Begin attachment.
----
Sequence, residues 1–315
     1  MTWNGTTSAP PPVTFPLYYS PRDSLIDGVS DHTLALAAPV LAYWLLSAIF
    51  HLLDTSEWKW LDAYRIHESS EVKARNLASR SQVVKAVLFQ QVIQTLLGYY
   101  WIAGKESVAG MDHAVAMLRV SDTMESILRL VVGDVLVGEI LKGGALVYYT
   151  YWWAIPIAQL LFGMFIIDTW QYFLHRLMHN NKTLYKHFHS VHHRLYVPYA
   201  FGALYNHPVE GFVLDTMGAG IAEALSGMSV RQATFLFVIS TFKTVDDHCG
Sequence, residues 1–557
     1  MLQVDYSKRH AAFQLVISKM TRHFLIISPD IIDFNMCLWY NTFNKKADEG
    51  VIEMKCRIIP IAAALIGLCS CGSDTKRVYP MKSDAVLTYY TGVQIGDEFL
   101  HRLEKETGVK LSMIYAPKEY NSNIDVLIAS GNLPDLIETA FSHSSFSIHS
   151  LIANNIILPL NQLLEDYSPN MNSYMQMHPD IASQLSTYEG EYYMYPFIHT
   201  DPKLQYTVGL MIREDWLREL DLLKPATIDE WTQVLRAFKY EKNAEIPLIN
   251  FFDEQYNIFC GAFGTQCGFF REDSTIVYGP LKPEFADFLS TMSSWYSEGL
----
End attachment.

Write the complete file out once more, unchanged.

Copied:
Sequence, residues 1–315
     1  MTWNGTTSAP PPVTFPLYYS PRDSLIDGVS DHTLALAAPV LAYWLLSAIF
    51  HLLDTSEWKW LDAYRIHESS EVKARNLASR SQVVKAVLFQ QVIQTLLGYY
   101  WIAGKESVAG MDHAVAMLRV SDTMESILRL VVGDVLVGEI LKGGALVYYT
   151  YWWAIPIAQL LFGMFIIDTW QYFLHRLMHN NKTLYKHFHS VHHRLYVPYA
   201  FGALYNHPVE GFVLDTMGAG IAEALSGMSV RQATFLFVIS TFKTVDDHCG
Sequence, residues 1–557
     1  MLQVDYSKRH AAFQLVISKM TRHFLIISPD IIDFNMCLWY NTFNKKADEG
    51  VIEMKCRIIP IAAALIGLCS CGSDTKRVYP MKSDAVLTYY TGVQIGDEFL
   101  HRLEKETGVK LSMIYAPKEY NSNIDVLIAS GNLPDLIETA FSHSSFSIHS
   151  LIANNIILPL NQLLEDYSPN MNSYMQMHPD IASQLSTYEG EYYMYPFIHT
   201  DPKLQYTVGL MIREDWLREL DLLKPATIDE WTQVLRAFKY EKNAEIPLIN
   251  FFDEQYNIFC GAFGTQCGFF REDSTIVYGP LKPEFADFLS TMSSWYSEGL